The Boonshoft Museum might still draw residents to Clark County, but it likely won’t be to downtown Springfield, museum officials said this week.
The museum, which drew about 21,000 visitors to Springfield in 2015, closed its location at the Upper Valley Mall earlier this year, citing declining foot traffic.
Museum leaders had considered reopening at a location in downtown Springfield but have decided against that because of the cost, said Mark Meister, president and CEO of the Dayton Society of Natural History.
>>MORE COVERAGE: Boonshoft’s departure blow for Clark County mall
“Initially we were investigating a downtown location but then we determined it would be too expensive for renovation and operations,” Meister said. “We are still looking for an appropriate space in Springfield but at this point we have not signed any agreements for any spaces and we don’t have a timetable for when something might happen.”
Boonshoft had considered a handful of locations, including the former Myers Market building that currently houses United Seniors Services at 101 S. Fountain Ave. But to do so, it needed to raise about $2 million to renovate the space and an additional $2 million for an endowment. The museum’s board preferred to have raised the money by this month.
Local leaders will continue to work with the Boonshoft to find an appropriate location in Springfield, said Mike McDorman, president and CEO of the Chamber of Greater Springfield. But the cost of the project and short timetable was unrealistic, he said.
“We believe the Boonshoft board’s expectations of Springfield were higher than can be realized at that location,” McDorman said.
A group of private business and foundation leaders recently announced an SpringForward, a new non-profit tasked with raising money to provide low-interest loans to entrepreneurs and spur development downtown.
But McDorman said raising that kind of money in just a few months was not feasible.
“That created a big challenge for the community to come up with $4 million for that particular site and it was not achievable in the time frame they were looking at,” he said.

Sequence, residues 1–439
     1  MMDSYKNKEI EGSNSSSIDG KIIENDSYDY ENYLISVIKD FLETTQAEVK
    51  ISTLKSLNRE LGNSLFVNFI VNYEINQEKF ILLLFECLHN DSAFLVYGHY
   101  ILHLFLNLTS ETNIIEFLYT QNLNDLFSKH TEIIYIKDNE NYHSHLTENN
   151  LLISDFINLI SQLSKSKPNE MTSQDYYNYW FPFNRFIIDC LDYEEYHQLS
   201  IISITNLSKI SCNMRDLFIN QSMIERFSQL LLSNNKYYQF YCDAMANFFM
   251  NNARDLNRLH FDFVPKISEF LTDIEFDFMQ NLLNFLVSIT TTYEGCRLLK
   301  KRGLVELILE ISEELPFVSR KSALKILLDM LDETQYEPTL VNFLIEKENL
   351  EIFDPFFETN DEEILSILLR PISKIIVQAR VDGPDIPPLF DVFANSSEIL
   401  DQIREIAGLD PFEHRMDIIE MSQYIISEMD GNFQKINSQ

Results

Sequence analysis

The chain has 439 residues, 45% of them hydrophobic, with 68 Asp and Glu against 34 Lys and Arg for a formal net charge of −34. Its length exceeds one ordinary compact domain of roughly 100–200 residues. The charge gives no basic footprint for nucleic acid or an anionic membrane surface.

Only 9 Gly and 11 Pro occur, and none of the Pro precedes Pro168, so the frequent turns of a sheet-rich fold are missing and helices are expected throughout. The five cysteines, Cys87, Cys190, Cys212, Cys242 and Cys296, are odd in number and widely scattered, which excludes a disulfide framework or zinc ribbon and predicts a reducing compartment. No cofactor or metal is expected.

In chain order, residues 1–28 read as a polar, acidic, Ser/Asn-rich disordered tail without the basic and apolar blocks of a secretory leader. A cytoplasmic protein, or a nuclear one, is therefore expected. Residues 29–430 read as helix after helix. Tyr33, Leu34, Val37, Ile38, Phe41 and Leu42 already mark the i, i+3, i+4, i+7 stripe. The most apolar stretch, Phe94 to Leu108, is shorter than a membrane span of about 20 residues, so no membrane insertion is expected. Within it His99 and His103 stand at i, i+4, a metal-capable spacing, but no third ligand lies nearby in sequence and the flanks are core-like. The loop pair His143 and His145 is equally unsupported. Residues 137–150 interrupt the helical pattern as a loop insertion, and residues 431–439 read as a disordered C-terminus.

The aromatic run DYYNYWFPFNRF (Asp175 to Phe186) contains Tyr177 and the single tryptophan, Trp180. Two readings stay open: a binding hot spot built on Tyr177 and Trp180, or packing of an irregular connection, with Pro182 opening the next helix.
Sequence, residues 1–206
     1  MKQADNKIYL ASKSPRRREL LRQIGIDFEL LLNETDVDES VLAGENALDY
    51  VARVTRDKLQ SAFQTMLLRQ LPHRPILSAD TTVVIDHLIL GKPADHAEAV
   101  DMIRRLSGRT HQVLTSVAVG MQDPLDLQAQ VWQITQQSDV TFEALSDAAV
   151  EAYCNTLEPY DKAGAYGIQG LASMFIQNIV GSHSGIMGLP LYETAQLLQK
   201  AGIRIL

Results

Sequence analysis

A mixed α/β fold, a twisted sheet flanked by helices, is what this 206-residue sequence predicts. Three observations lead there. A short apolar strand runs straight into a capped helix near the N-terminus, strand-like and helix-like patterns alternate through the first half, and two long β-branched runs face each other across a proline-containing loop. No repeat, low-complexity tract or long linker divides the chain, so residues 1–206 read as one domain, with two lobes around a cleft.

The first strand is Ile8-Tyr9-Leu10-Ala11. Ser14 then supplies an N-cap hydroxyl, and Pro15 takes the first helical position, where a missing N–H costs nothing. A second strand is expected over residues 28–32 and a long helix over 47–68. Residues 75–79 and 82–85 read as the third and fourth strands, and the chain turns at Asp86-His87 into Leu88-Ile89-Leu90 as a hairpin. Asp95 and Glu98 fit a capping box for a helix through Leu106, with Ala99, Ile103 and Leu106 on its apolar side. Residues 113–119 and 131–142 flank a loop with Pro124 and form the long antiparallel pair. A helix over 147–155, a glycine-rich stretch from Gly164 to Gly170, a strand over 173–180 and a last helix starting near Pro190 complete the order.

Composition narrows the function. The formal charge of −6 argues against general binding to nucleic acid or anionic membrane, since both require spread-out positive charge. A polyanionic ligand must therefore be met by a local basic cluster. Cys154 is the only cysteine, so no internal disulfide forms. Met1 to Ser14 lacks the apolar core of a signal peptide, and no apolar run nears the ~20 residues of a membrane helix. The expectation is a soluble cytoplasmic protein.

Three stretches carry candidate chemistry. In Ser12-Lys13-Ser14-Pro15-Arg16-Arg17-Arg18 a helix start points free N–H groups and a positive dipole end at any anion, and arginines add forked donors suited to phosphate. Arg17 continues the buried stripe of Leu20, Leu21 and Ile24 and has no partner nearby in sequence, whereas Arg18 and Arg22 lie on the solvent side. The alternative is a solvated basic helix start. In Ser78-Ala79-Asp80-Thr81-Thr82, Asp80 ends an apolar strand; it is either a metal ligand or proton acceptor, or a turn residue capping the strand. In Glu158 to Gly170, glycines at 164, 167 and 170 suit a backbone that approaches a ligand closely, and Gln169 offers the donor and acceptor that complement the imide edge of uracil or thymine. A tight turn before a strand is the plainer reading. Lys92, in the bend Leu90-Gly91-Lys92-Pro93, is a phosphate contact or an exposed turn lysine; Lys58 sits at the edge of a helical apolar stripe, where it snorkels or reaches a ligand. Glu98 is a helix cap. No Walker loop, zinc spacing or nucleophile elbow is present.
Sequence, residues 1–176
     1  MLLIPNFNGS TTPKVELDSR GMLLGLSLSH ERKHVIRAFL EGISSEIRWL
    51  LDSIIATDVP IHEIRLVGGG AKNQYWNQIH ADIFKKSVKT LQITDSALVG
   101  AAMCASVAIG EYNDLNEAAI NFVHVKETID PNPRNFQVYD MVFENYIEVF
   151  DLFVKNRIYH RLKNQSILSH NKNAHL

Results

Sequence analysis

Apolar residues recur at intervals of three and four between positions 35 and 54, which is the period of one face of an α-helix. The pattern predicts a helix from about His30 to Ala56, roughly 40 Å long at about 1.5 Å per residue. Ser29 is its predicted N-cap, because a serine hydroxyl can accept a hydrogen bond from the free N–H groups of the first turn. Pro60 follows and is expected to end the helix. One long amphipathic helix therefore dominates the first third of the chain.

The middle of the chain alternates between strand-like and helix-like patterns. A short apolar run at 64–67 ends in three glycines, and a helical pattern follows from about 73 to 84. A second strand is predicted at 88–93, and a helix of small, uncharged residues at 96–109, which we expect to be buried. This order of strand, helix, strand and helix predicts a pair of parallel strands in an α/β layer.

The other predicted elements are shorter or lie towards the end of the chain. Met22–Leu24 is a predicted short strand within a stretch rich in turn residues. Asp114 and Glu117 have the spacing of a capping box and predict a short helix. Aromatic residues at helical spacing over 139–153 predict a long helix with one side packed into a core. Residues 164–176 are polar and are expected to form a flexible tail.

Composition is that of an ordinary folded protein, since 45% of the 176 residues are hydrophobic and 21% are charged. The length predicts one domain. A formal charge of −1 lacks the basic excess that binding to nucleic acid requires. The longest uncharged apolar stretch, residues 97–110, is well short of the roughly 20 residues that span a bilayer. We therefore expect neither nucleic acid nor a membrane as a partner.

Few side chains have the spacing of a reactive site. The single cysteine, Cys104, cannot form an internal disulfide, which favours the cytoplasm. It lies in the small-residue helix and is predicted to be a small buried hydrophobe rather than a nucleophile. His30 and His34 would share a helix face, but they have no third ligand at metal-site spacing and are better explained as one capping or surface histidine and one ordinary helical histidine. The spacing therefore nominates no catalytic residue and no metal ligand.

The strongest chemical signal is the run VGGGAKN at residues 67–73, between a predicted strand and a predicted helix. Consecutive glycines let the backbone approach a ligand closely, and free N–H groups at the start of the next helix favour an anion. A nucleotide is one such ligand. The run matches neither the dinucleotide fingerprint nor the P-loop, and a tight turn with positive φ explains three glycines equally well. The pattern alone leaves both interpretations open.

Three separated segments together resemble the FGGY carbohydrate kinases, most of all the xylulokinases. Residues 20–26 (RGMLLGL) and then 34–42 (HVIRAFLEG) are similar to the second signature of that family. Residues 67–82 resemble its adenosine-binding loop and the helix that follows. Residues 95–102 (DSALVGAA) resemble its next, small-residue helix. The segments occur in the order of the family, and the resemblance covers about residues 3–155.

Local economic development officials were hopeful the museum could remain open at the mall until a new site could be found, McDorman said.
But the mall saw a significant decline in foot traffic in 2015 after anchors like J.C. Penney and Macy’s closed their stores. The roughly 20,000-square-foot-museum had occupied space at the former Elder-Beerman store since the end of 2013.
About 25,000 people visited Boonshoft there in 2014, but that number dipped about 20 percent after the stores left.
But board members still see Springfield as a good fit for the museum.
“We viewed Springfield as an independent metropolitan area that had a deficit in regard to the type of facility we provide in terms of hands-on science education,” Meister said. “We were very well-received by the public in Springfield. In our first year we had 25,000 visitors at the mall and that puts us right at the top of cultural attractions in Springfield.”
The 100-year-old Myers building is expected to be vacated by United Senior Services by Oct. 1. The senior organization is renovating the former Eagles property on West Main Street.
Earlier, community stakeholders told the city they’d like to see the historic building become a museum, a retail or restaurant development, or return it to a market, said Tom Franzen, assistant city manager and economic development director. Springfield will likely issue a request for proposals later this year to see what other ideas developers may have for the city-owned property.
“Maybe there’s something we’re not thinking of,” Franzen said. “We don’t want to limit the opportunities there. The city is focused on trying to find a productive reuse that would enhance the investments already here by the private and public sector. If we can generate additional traffic or add an amenity that doesn’t exist today, that would be great.”
In the meantime, the museum has continued to offer educational programs at local school districts, Meister said, and that will continue. The museum’s experience at the mall also provided some insight into how to operate in a new location if a new site is found, Meister said.
“We learned a lot in being at the Upper Valley Mall and so we know how we need to scale the operation so that it’s appropriate for Springfield,” Meister said.
Chris Schutte, director of the Greater Springfield Convention and Visitors Bureau, was disappointed to hear that Boonshoft won’t go downtown.
“The idea of a ‘museum district’ downtown was very attractive from a tourism perspective,” he said. “With that said, I’m equally excited about some other potential adaptive reuses of the Myers Market Building. It would be a prime location for a year-round, indoor marketplace similar to Second Street Market in Dayton, which would have the potential to be a significant driver for our downtown.”
Staying with the story
The Springfield News-Sun first broke the news that the Boonshoft Museum of Discovery’s was considering leaving the Upper Valley Mall in January and has closely tracked developments since then, including stories digging into the reasons why it wanted to move and covering the last day it was opened.
By the numbers:
25,000 — Visitors to Boonshoft’s Springfield Center in 2014
20,900 — Visitors to Boonshoft’s Springfield Center last year
$4 million — Total sought to renovate space for a downtown museum and create an endowment